Separators for rechargeable or secondary batteries

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Application of renewable energies: accumulator batteries as buffer storage
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Applications in electromobility: high capacity, rapid chargeability

In lead-acid batteries, materials are used which withstand the highly acidic and oxidative conditions. Extruded or sintered separators made of polyethylene, sintered PVC or mats made from microfiber fleece are used here. For nickel-cadmium batteries in the strongly alkaline milieu of potash, separators made of polyamide and polyethylene/polypropylene combinations are predominantly used. Here, nonwovens are almost exclusively in use today.

The conditions for nickel-metal hydride batteries are the same as for nickel-cadmium batteries, except that the battery separator also has to be able to reduce self-discharge. This is achieved through functionalization of the nonwoven surface by means of chemical treatment, e.g. surface treatment with acrylic acid or sulfonation.

With rechargeable lithium batteries (Li-batteries), membranes are generally employed. These are microporous films which can partly consist of several layers. They have low temperature resistance and, despite the use of ceramic layers in separators, can break very easily. Research is currently being conducted into materials based on very fine nonwoven fabric that has been ceramic-coated. This makes the separators more temperature-resistant and less prone to breakage, and promises increased safety for rechargeable storage media that have long-term stability and are operationally reliable – especially for applications in electric vehicles.

 

Separators for non-rechargeable or primary batteries

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With non-rechargeable Li batteries or Li-primary batteries, either nonwovens or microporous films are used. In non-rechargeable alkaline manganese batteries, nonwovens are mainly used as separators in a mixture of polyvinyl alcohol microfibers (PVA) and cellulose. Similarly, laminates made from nonwoven fabrics and membranes such as cellophane are also utilized.

The ideal needle for diverse applications

Depending on the requirements placed on nonwovens as battery separators, Groz-Beckert offers numerous opportunities to achieve the required properties or optimize the separator through utilization of the right needle. Due to the high process stability of Groz-Beckert products and the resulting continuously high level of quality, effects can be generated in the manufacturing process that are just as continuous and reproducible. This is reflected directly in the separator's performance in the battery.

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EcoStar felting needle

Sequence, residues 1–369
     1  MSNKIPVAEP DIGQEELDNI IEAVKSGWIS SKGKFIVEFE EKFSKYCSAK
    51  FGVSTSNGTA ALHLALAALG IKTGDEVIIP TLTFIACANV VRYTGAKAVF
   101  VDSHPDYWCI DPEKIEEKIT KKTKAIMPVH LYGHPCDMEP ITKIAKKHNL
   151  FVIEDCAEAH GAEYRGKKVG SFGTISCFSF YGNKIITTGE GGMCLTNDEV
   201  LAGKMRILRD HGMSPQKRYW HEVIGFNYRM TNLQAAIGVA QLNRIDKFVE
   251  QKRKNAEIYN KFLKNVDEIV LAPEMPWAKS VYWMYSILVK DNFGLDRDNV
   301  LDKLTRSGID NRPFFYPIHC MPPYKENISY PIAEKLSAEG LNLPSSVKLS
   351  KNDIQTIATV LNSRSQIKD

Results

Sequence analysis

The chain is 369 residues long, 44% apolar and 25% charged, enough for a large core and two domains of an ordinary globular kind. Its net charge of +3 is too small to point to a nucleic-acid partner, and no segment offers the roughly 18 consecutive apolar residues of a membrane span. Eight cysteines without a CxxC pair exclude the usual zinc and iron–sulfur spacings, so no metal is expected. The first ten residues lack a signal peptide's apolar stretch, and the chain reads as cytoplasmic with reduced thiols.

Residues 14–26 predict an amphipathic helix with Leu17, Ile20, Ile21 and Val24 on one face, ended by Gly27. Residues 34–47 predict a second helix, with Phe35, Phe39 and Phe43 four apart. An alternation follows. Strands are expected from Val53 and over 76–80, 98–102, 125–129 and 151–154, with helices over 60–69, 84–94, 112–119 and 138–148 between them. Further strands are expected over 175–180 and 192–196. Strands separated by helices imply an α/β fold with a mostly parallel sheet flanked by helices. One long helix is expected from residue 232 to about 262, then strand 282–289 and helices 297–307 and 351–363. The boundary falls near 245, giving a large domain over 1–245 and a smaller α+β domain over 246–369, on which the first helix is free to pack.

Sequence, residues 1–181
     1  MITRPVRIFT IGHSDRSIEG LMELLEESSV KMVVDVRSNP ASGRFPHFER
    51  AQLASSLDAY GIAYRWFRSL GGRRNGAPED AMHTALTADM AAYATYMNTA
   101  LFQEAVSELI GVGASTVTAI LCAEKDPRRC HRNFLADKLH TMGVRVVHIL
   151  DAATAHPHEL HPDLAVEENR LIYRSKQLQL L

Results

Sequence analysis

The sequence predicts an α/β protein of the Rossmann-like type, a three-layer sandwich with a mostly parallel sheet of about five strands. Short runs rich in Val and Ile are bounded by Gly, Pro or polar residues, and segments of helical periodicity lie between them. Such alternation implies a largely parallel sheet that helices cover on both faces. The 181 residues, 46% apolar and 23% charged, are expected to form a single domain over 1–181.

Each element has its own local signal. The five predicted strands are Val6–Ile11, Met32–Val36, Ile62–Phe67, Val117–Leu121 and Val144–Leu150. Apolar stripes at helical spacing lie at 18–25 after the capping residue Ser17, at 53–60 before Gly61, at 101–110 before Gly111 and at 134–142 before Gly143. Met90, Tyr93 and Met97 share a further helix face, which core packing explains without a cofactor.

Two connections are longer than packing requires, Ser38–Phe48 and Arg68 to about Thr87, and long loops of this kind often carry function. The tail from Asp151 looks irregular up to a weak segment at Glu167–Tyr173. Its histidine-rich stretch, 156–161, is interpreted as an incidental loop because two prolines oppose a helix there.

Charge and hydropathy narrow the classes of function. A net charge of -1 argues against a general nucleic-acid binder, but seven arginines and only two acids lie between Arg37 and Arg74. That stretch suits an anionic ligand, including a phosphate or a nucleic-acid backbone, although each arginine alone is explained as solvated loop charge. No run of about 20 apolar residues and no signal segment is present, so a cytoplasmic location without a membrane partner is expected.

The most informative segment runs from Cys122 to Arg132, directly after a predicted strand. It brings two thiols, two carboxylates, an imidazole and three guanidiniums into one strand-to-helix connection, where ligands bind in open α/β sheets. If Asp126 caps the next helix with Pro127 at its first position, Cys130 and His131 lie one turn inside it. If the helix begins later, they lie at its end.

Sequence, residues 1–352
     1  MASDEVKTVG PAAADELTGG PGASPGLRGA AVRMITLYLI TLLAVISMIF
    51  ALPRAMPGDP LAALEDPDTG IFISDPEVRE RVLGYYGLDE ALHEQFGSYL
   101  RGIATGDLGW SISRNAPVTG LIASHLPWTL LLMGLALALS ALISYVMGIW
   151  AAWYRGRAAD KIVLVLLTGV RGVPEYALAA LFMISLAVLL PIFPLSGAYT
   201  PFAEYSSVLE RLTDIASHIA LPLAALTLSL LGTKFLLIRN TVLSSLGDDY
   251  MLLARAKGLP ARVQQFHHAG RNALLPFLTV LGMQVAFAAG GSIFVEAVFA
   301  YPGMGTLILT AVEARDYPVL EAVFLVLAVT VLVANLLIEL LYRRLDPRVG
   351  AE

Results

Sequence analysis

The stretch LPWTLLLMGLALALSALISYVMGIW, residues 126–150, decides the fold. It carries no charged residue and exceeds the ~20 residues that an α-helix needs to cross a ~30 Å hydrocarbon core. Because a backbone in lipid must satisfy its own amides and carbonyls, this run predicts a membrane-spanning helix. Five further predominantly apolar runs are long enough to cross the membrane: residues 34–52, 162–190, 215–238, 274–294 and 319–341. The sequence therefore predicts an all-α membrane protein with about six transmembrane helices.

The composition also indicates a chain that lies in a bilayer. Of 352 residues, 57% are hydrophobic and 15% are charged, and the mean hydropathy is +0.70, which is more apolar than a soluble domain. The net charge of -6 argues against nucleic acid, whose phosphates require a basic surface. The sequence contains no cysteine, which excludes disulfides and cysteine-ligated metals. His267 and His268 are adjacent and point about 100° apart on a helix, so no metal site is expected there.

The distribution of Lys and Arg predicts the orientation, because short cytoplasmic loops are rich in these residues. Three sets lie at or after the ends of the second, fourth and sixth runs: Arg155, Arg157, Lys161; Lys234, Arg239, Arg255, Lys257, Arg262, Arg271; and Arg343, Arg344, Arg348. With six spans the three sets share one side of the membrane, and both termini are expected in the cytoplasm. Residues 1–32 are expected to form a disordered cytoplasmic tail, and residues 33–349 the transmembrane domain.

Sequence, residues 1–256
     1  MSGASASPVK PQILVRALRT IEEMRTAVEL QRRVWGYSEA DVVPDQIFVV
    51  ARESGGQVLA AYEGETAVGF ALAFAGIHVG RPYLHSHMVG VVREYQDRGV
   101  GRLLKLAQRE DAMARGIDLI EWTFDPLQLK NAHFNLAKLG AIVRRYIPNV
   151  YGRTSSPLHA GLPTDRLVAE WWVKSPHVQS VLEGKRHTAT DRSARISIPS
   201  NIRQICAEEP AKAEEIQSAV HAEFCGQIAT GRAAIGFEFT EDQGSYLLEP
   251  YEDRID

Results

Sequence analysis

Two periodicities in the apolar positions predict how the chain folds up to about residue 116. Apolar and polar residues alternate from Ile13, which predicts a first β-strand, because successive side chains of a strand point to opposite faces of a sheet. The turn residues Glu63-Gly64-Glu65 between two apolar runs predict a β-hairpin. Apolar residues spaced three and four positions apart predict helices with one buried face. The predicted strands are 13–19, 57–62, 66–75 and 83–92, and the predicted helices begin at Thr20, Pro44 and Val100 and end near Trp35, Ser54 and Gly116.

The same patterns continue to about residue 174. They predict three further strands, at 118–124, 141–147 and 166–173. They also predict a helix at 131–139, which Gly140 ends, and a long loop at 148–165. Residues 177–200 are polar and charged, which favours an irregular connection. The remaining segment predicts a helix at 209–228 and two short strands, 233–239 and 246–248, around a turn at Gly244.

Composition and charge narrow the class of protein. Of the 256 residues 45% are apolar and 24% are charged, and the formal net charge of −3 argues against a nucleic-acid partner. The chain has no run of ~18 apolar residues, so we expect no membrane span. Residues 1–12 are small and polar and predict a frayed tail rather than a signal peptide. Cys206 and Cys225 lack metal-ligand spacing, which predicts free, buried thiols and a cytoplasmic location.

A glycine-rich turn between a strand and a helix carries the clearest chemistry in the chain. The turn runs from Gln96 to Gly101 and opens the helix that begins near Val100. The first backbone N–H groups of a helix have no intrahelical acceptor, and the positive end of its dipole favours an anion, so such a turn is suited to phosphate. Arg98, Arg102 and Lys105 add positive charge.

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Cross STAR® felting needle

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GEBECON® felting needle

The choice of suitable needle type depends on the raw material used, the fiber fineness, and the desired effect. Here Groz-Beckert, with its many years of experience in the nonwovens sector and numerous exclusive needle types, can make application recommendations. The GEBECON®, EcoStar and CrossSTAR® needles are just a few of the needle types that have proven themselves in separator production.

A common needle-machine configuration in the nonwoven line for producing battery separators often consists of pre-needling followed by the needling process itself.

In pre-needling, conical needles with a barb distance of 4.80 mm and the RF barb shape are often used. Conical needles with these specifications combine a high needling effect with defined and gentle fiber transportation. Groz-Beckert felting needles with a conical working part differ from standard working-part needles because of their much higher stability.

When using very fine fibers, microfibers or ceramic fibers, the HL barb is recommended for the pre-needling phase, since it is very gentle on the fibers and minimizes breakage and elongation. GEBECON® needles are also suitable for pre-needling, especially in the needling of fine fibers and microfibers, since they reduce the risk of needle breakage to a minimum.

In the main needling process itself, standard felting needles with a C barb distance and RF barb shape are mostly used. These guarantee effective compaction while providing the opportunity to precisely adjust the pore size and the resulting permeability.

During the main needling process, with EcoStar and CrossSTAR® needles, certain effects (porosity, pore size, permeability, hydrophilization, etc.) can be influenced in the product.

Jetstrips

HyTec® D

Groz-Beckert jetstrips are ideal for battery separators that are hydroentangled in order to produce a larger surface area. With sustainable care and expertise for functional parts, Groz-Beckert jetstrips are available in all standard dimensions and hole geometries.

Would you like to find out how optimally designed products and services from Groz-Beckert can contribute to your developments and innovation as well? The Groz-Beckert experts will be happy to assist you.